Friday, February 25, 2011

Blogging with Students: Internet Safety & Digital Citizenship

We have entered the Edublogs Challenge, and set up a class blog. I am so excited to be part of this 4th grade team-teaching experience!

Today, we are focusing on introducing the students to why we are setting up a class blog, digital citizenship, and Internet safety.

The purpose of this blog is to learn the art of writing and lessons of language arts through a real world experience with a real audience. Blogging is more than just reading and writing, it’s about respectfully conversing with others. Through this project, students will practice the responsibilities of digital citizenship and Internet safety.
We then discussed Cyber Citizenship and Internet Safety:
We are part of our physical community and our cyber community. What do we mean by that?

First, let's define "community." It's where we live, places we go, and people we interact with. It's also the group of people who participate in similar activities, play on teams, are members of clubs, or students at a school.

We also interact with people on the Internet that are interested in similar things.
In our physical community, we have written rules and expectations. Can you think of some of those?

In our cyber community, there are also written rules and expectations. What are some of those?

Rules keep us safe in our physical community as well as our cyber community. When we do a good job of following those rules, we are being good citizens.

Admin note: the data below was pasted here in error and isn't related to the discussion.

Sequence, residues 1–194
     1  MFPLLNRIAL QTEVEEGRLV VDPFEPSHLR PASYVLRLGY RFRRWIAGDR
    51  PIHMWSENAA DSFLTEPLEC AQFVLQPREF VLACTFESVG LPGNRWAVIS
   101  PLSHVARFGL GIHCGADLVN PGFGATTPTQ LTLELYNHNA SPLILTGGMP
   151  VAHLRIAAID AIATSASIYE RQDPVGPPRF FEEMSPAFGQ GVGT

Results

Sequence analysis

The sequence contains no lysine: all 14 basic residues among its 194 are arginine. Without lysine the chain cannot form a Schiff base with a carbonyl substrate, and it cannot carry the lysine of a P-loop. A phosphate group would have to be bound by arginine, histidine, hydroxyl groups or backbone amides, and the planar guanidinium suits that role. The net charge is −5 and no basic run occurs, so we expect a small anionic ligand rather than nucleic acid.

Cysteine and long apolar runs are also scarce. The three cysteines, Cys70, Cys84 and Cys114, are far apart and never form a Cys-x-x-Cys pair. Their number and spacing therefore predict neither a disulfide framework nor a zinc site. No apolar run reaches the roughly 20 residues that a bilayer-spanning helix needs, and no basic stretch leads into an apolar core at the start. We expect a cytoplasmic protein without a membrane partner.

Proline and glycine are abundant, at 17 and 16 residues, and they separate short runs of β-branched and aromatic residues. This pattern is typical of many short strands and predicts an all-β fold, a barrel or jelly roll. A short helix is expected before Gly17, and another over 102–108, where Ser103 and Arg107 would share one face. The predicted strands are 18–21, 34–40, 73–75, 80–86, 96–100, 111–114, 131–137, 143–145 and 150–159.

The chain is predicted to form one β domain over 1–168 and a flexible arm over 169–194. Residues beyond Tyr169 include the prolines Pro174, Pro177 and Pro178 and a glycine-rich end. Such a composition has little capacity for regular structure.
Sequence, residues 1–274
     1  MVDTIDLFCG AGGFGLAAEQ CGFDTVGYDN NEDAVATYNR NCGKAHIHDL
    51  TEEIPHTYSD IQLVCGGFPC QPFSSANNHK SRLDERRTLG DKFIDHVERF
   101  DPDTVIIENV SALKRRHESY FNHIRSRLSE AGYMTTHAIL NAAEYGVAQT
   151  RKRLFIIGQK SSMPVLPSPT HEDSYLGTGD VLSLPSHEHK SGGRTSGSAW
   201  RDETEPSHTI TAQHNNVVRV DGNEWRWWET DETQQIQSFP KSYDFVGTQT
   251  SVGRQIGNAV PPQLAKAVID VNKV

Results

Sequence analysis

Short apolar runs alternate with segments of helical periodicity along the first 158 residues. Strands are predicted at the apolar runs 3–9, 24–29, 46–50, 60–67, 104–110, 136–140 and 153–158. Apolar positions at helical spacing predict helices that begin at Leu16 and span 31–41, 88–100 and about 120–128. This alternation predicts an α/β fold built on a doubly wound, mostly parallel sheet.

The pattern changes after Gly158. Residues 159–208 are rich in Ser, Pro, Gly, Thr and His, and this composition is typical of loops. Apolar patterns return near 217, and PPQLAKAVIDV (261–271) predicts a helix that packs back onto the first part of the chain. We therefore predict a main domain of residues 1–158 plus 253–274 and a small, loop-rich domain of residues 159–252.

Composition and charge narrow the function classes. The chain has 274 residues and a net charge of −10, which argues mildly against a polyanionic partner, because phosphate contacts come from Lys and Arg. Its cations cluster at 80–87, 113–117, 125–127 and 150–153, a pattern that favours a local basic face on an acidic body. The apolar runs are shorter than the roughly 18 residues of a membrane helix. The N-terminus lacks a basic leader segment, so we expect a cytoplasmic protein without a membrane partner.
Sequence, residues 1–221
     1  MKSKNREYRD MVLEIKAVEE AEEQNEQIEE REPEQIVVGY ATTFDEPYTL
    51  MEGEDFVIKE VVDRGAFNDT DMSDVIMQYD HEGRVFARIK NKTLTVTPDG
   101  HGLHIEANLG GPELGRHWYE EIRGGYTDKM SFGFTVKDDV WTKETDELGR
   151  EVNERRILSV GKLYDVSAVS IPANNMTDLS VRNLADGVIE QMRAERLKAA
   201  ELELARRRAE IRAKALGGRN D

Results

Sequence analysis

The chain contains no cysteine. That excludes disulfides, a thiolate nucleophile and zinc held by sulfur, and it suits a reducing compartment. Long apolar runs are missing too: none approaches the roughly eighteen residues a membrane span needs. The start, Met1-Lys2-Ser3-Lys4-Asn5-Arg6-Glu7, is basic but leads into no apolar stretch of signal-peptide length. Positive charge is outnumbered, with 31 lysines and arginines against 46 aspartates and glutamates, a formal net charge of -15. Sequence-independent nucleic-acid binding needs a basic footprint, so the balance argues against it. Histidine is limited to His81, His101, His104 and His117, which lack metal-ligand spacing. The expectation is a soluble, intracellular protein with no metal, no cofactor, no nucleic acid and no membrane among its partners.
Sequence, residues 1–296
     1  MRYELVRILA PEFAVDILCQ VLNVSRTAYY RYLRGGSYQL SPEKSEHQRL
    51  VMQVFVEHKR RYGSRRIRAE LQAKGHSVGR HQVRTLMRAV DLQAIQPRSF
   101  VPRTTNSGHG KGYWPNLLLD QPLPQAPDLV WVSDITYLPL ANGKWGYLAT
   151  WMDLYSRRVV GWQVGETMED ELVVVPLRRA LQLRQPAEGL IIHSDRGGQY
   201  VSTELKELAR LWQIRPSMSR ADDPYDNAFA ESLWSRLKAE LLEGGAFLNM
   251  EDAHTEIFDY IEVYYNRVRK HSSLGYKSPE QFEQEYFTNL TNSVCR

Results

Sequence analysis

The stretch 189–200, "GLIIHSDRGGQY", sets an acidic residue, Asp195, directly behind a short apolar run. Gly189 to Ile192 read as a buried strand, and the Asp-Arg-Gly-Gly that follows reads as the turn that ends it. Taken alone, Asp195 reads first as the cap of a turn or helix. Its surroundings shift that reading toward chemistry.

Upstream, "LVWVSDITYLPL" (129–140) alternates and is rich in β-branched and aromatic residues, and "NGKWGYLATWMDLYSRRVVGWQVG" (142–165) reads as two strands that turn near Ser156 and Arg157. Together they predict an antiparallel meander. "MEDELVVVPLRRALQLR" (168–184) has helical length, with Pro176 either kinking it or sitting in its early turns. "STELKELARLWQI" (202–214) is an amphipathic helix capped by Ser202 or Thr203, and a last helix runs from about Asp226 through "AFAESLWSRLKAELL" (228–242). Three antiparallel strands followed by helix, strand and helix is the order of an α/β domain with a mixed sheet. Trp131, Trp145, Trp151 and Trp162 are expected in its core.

Let's brainstorm a list of rules that would make us good citizens and keep us safe when in our community.

Did your brainstorm include these ideas?:
  • Ask permission to go somewhere first.
  • Don't talk to strangers.
  • Ask for help when you need it.
  • Be polite and use good manners.
Do those same rules apply to our cyber community? Yes, they do.

If we follow those rules, does that make us good cyber citizens? As members of our cyber community, we are expected to be good cyber citizens, which is shown through our online behavior.

Let's create our own rules that reflect good cyber citizenship.

Directions: In small groups, create a list that reflects good cyber citizenship. Each group member should choose one of these roles:
  • Live Spokesperson: Shares back to the physical class your 5 most important rules for online behavior that would reflect good cyber citizenship.
  • Digital Spokesperson: Shares back to our cyber community your 5 most important rules for online behavior that would reflect good cyber citizenship.